Wendell, with his kind eyes and cheeky smile, may look as if he doesn’t have a tough bone in him but just as we suspected, nobody should take it easy on this guy because he means business. He plans to win bigger dreams in life and help out as much as he could which is why if given a chance in the future to serve for our nation, he thinks firstly of instilling a holistic development among the youth because he believes that thinking long-term goals rather than having short-term ones may be harder and more daunting, but it’s what will set for an even brighter future. He even pointed out that the rewards being reaped for giving youth their right to free education doesn’t necessarily need to stop at showing and maintaining good grades while studying. He says that this could also create an impact in how kids will value their freedom when they get older--they would know how to rightfully repay acts of kindness and to value the privileges and pass the generosity to serve others too.
Wendell also knows that nothing is set in stone; he acknowledges his dreams of public service will not be an easy task the same way that managing time and priorities as a student athlete has gotten him into tight spots and situations where he started to doubt himself several times especially when he was starting. Even to this day Wendell still values the help even from teammates that are younger than him because he believes that as a student, one still needs to learn even outside the class and beyond the course syllabus of a professor. His experiences and connections with people around him teaches him every day, that is why he also takes the art of learning new and valuable things every time very seriously.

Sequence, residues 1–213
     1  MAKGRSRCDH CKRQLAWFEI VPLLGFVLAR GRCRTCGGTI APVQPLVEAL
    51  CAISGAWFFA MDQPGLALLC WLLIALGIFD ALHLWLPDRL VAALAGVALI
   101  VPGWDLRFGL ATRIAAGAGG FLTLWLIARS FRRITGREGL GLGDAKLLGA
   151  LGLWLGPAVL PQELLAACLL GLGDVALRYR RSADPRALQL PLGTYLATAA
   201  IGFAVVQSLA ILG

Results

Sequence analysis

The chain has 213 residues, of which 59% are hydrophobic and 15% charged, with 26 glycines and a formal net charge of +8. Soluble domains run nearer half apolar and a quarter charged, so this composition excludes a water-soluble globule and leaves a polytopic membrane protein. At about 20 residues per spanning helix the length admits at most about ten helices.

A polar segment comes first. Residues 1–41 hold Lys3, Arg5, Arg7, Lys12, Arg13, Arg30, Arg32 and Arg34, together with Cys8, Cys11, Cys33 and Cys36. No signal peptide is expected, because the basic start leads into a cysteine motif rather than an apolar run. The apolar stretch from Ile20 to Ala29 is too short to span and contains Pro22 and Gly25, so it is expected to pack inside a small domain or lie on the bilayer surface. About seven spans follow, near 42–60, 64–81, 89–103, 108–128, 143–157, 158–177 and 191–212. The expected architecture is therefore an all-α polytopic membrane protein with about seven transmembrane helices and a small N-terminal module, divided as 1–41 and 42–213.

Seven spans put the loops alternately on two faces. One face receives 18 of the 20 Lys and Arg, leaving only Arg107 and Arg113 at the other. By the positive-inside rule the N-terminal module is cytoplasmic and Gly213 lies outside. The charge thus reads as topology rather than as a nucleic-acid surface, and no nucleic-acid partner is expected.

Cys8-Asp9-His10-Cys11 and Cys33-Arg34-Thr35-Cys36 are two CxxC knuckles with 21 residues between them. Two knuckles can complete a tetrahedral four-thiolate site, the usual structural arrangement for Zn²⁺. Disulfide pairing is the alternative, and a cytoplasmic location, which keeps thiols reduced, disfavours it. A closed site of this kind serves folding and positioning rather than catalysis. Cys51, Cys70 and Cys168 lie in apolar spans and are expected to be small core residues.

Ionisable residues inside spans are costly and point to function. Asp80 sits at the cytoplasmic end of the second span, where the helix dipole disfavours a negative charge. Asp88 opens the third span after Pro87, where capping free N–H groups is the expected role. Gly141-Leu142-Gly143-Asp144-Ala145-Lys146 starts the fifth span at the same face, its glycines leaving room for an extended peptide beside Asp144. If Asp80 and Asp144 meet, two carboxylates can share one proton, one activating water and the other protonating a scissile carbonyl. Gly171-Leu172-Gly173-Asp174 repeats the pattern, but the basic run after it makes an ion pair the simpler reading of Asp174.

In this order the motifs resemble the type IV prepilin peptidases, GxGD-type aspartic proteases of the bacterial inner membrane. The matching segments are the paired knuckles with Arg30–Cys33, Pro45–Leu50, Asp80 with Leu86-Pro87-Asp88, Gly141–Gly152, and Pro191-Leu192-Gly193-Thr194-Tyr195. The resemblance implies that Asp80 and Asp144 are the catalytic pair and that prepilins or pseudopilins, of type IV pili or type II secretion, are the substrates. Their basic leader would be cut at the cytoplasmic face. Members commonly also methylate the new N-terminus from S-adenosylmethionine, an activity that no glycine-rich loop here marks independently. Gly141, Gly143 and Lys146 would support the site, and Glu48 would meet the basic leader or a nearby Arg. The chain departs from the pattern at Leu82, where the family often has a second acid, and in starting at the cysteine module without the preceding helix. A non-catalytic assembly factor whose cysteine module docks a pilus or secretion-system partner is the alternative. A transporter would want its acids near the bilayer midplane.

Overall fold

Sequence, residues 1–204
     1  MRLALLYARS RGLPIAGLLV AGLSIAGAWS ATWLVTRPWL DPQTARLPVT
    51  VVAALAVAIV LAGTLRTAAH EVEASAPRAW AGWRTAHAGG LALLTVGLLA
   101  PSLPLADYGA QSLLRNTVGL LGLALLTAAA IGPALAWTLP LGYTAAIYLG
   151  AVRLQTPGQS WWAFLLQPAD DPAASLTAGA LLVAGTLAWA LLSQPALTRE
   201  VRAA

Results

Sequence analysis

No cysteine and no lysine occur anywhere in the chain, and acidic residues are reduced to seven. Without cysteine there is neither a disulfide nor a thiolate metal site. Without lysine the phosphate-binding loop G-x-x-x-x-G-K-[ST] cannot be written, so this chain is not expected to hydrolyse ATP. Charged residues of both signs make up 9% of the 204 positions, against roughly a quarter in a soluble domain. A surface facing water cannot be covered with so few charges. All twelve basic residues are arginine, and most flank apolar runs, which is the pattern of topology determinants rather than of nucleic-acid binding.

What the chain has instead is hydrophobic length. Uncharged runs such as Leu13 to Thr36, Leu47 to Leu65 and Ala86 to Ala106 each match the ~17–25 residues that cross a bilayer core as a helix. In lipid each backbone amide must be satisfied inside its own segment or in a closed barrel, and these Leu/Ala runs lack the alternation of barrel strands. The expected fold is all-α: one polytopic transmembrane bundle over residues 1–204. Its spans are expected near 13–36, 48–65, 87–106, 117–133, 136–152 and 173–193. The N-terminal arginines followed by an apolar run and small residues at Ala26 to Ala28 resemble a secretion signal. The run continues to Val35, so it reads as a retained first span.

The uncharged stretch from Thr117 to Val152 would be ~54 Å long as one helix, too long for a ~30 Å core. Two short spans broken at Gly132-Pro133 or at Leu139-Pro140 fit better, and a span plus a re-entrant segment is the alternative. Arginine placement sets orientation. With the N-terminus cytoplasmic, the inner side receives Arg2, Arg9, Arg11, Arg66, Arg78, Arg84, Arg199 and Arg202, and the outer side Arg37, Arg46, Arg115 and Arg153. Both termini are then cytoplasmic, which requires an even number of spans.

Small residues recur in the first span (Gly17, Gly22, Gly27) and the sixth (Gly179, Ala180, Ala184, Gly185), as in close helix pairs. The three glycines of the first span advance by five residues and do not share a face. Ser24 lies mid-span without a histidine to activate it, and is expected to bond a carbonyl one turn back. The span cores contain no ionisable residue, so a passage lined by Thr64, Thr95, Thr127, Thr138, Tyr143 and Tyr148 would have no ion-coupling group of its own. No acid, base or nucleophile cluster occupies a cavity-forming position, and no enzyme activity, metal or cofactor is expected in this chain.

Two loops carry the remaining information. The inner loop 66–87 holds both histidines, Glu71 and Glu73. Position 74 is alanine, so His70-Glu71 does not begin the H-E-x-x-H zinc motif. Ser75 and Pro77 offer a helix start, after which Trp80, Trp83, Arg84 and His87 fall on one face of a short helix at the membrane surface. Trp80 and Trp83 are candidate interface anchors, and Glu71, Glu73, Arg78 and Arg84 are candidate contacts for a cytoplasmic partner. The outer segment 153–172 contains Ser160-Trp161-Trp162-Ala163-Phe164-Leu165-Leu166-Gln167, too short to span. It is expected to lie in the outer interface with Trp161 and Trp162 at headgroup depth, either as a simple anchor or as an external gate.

When we asked what sets him apart from the other UAAP players, he only has this to say for himself, “Every athlete stands out in his own timing, but we (in FEU), follow life as if it’s a ball. Not because it’s round and you don’t know if you’ll be at the top or end up at the bottom, but because the harder you drive the ball, pound at it and dribble, the higher it bounces, the sharper the shoot will be. I think life should is like that; the tougher it gets, the harder you push through and you don’t give up, you just go up.”
Photographed by Miguel Alomajan
Creative Direction by Madel Asuncion
Art Direction by Mikka Caronan
Styled by Ryuji Shiomitsu
Grooming by Muriel Vega-Perez and team
Video by Lui Jimenez, Produced by Deiniel Cuvin